Arkansas News Bureau

FAYETTEVILLE — Texas A&M is one step closer to leaving the Big 12 after informing officials Wednesday morning it plans to begin the application process to join "another conference." And, if the application is accepted, its run in the Big 12 will end June 30, 2012.

The landing point, of course, is expected to be the Southeastern Conference — a move that would reunite Arkansas with one of its Southwest Conference rivals.

But Arkansas coach Bobby Petrino didn’t have any time to consider the ramifications of the potential addition to the 12-team conference Monday morning. Instead, he had something else on his mind: Arkansas’ opener against Missouri State in Razorback Stadium on Saturday night.

"I don’t really don’t have a lot of thoughts on Texas A&M," Petrino said. "I think it would be very premature for me to discuss anything about that. My focus is on getting better this afternoon in practice."

That may be, but Texas A&M’s big step was the dominant topic of discussion around college football on Wednesday. While the 2011 season kicks off tonight, the future of the conference with the possibility of a Texas team moving into the fold was in the spotlight.

Arkansas officials wouldn’t discuss the matter Wednesday. Athletic director Jeff Long was not available for comment. Chancellor David Gearhart did not return messages seeking comment. Spokesperson Kevin Trainor said any comment can be anticipated "if and when an institution is officially a member of the SEC."

There will be at least one issue for Arkansas and Texas A&M to resolve if the Aggies are welcomed in. The schools meet annually in a nonconference game played in Arlington, Texas, a 10-year agreement that began in 2009 and pays each school roughly $5 million annually.

It’s not known if the series would remain at the neutral site after this season’s game, much like the annual Florida-Georgia game in Jacksonville, Fla. Or if the schools would move it to campus. Those decisions would be made when and if Texas A&M’s move is official.

Meanwhile, several other coaches offered their thoughts on Texas A&M during Wednesday’s SEC teleconference.

"If that comes to fruition, that A&M joins the SEC, we’ll certainly welcome them," South Carolina coach Steve Spurrier said. "They’re a big-time institution. Excellent athletic departments. All their sports are very good. I think their girls basketball won the national championship last year. So they will be a huge addition to the SEC. To get into Texas, it really just increases the SEC TV markets and all that stuff."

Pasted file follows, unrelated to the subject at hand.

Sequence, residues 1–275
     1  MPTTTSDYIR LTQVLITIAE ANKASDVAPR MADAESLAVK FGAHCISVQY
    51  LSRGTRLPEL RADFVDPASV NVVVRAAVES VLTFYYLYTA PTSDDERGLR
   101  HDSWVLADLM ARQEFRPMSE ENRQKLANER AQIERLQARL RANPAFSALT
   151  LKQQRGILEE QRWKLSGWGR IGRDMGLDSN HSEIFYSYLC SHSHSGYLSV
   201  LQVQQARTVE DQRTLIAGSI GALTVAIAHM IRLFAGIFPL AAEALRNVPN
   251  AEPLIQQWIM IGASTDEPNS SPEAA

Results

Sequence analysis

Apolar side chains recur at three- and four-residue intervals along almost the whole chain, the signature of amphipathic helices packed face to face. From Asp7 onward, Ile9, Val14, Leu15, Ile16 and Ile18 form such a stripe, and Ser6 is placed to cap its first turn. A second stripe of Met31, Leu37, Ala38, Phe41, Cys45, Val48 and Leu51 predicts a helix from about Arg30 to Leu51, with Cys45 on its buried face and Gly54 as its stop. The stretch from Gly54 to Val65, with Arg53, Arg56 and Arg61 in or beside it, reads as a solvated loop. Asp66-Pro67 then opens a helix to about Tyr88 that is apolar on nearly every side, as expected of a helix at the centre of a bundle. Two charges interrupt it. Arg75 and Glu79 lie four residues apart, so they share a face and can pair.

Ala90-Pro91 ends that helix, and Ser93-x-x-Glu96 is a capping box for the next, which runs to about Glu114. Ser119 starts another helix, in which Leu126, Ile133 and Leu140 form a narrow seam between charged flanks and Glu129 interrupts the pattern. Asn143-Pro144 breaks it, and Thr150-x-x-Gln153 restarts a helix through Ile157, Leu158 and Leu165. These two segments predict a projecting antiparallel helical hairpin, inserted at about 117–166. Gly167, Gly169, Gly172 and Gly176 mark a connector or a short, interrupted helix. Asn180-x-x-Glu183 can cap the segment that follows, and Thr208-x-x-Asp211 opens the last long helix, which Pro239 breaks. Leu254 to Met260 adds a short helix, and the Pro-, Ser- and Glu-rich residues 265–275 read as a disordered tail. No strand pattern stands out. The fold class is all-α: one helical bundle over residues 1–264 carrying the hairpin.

The move could help open the doors to Texas recruiting for schools as well, according to several coaches.

LSU’s Les Miles, Ole Miss’ Houston Nutt and Mississippi State’s Dan Mullen all indicated the addition of Texas A&M could help their recruiting efforts. It means Arkansas, which has relied heavily on Texas recruits, may not be alone in mining through the state.

"Certainly we would think the Texas student-athletes would have an opportunity to see themselves attending SEC schools," Miles said. "Hopefully this would give us an opportunity to be ... even more serious about those guys that are participating in football in Texas."

The Razorbacks have 23 players, including 14 scholarship players, on their 2011 roster from the state of Texas. It includes key players like safety Tramain Thomas, running back Knile Davis, cornerback Isaac Madison and wide receiver Cobi Hamilton.

But Petrino doesn’t believe Texas A&M’s addition to the SEC would hurt Arkansas’ recruiting efforts.

"Well, we’re always going to recruit the state of Texas," Petrino said Wednesday. "We’ve had good success there the last three years. We’re going to work hard to recruit the best players in the country."

Jackie Sherrill, who coached at Mississippi State and Texas A&M during his career, even told the Jackson Clarion-Ledger he believes the addition of the Aggies would help Arkansas more than any other schools.

"It opens up Texas for Mississippi State and Arkansas," Sherrill told the Clarion-Ledger. "The team that will benefit the most is Arkansas, because Arkansas, when they were fighting for national championships, the majority of their players came out of Texas."

If the SEC is, in fact, Texas A&M’s destination, the timeline for the application process is not known. It must be approved by nine of the SEC’s 12 schools, something that appears to be a formality to most.

"I can understand why everybody wants to come to our conference," Nutt said. "I can understand why they want to get in. The stadiums are full. You’re on TV every game. Not just some game, every game. It’s just a competitive, competitive conference. It’s one of the best, if not the best, conferences in America."